The first two tombs had been busts… empty, and possibly decoys. But they'd been good practice… he'd taught the three of them the basics of approaching an Egyptian tomb. Divining the traps, scouting out the curses present, and so on. All three of them paid attention - they knew firsthand how dangerous a laid curse could be. Jasmine had exhibited Hermione-like intensity as he instructed, and he took that as indication she was breaking free from her ennui. She'd said very little about what, if anything, she intended to do with her life since graduating Hogwarts… maybe he could convince her to become a curse-breaker.
The third location was the deepest into the desert, and the one for which they truly needed the camels. No tame magical creature was as tolerant of the heat, and they couldn't apparate to the location. Unfortunately, that meant a good eight-hour ride on camel-back, and even cooling charms could only do so much. There was no wind to swirl the sand, but that just meant it clung to them, seeming to leech the moisture from their bodies.
It didn't take long for the endless ergs of sand to become tiresome, with only the occasional consultation of a Four-Point spell to make sure they were on the right path. They were west of the Qattara Depression, very close to the southwestern corner of Egypt, near the border to Libya. Hermione had delighted in the landscape initially, explaining to all of them the difference between ergs, regs, and hamadas, but eventually even the encyclopedic witch had run out of things to talk about, and the punishing sun had silenced all conversation. All they were left with was silence and the plodding, boring pace of the camels.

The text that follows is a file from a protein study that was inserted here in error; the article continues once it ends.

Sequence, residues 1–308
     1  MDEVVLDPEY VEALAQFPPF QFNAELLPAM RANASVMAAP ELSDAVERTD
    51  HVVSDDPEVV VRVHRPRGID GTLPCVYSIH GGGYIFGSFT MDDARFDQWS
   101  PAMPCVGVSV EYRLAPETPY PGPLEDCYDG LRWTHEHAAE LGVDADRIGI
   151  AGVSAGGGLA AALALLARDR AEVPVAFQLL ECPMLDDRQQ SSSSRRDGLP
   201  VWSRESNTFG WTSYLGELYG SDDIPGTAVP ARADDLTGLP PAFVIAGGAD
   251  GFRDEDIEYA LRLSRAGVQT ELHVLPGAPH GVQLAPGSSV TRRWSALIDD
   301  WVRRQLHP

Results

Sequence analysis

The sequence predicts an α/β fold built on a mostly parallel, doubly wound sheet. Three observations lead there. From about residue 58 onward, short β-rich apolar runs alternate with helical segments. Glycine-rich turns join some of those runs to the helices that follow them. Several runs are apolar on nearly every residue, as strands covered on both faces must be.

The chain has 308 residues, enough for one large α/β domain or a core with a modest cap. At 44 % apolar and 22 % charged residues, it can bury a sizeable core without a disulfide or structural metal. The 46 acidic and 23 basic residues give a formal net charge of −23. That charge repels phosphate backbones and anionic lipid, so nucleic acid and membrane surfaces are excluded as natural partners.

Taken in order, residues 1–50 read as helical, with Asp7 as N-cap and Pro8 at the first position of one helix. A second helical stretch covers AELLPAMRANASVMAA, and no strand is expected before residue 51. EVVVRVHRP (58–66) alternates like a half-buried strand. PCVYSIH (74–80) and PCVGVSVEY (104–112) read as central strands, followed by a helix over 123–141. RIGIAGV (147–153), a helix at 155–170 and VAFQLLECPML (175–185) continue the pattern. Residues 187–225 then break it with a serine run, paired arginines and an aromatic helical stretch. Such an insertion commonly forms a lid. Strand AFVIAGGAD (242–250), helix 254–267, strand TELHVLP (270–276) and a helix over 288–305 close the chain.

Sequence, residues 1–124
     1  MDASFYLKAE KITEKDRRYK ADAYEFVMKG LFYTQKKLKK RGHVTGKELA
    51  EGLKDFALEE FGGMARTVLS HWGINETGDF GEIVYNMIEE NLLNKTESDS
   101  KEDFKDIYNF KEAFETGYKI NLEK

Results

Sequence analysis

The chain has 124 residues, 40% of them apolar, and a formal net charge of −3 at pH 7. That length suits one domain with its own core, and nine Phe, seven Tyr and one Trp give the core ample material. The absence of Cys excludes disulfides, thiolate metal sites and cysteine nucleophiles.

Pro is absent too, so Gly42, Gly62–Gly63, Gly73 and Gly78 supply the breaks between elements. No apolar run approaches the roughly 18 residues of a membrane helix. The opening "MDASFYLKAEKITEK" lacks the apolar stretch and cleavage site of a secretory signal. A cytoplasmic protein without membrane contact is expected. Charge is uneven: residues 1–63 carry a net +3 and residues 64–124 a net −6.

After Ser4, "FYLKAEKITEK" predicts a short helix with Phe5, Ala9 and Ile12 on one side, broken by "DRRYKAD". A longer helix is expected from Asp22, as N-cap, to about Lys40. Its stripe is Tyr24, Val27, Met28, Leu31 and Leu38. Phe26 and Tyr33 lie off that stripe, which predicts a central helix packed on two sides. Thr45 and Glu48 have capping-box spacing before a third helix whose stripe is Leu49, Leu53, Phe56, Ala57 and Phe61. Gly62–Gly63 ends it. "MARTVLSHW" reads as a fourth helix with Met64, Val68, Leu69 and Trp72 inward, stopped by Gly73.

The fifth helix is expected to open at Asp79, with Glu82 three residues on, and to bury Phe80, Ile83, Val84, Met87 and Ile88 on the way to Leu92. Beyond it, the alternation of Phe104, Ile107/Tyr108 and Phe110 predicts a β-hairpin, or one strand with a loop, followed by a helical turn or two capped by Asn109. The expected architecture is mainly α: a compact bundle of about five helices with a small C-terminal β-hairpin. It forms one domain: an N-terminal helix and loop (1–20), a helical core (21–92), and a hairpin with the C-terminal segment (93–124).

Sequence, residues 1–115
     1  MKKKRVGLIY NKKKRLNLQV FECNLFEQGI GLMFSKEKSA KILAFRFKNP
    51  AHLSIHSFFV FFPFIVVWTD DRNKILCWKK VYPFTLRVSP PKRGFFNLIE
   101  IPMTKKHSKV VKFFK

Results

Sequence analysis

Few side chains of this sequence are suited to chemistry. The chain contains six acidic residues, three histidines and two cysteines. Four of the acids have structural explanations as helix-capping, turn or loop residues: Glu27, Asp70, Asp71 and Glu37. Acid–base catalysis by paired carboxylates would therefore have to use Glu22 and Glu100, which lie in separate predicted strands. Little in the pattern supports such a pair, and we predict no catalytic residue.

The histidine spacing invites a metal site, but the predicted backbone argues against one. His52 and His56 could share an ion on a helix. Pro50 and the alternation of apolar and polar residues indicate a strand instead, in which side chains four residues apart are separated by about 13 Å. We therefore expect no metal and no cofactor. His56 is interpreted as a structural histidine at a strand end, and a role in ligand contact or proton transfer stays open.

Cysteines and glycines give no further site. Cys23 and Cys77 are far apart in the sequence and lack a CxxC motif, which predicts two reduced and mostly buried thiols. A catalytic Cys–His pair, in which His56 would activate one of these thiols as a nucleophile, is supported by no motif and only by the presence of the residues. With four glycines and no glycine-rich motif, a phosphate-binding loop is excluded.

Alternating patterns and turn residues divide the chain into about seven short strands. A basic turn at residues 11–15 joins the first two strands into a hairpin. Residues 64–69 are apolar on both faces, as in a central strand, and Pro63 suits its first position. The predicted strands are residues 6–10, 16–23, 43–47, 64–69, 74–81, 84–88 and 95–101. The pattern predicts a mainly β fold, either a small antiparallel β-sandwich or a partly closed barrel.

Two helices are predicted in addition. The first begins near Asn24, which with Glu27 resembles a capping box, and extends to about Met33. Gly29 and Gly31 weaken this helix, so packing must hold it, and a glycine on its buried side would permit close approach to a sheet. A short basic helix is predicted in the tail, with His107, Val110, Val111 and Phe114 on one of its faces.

Well, not complete silence. "Biiiiill," came Jasmine's voice from behind him, "are we there yet?"
He knew she did that to aggravate him, but he'd grown up with Fred and George and wasn't so easily needled. In fact, her mischief was a good sign. He smiled back at them. "As it happens, we are," he said, as they crested the final dune.